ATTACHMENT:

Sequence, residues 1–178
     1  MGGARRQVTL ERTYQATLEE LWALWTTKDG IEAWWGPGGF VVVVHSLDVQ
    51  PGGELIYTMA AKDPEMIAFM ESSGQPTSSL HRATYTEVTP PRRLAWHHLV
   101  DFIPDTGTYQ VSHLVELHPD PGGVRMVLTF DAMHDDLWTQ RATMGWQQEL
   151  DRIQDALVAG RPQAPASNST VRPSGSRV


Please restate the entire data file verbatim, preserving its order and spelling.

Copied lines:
Sequence, residues 1–178
     1  MGGARRQVTL ERTYQATLEE LWALWTTKDG IEAWWGPGGF VVVVHSLDVQ
    51  PGGELIYTMA AKDPEMIAFM ESSGQPTSSL HRATYTEVTP PRRLAWHHLV
   101  DFIPDTGTYQ VSHLVELHPD PGGVRMVLTF DAMHDDLWTQ RATMGWQQEL
   151  DRIQDALVAG RPQAPASNST VRPSGSRV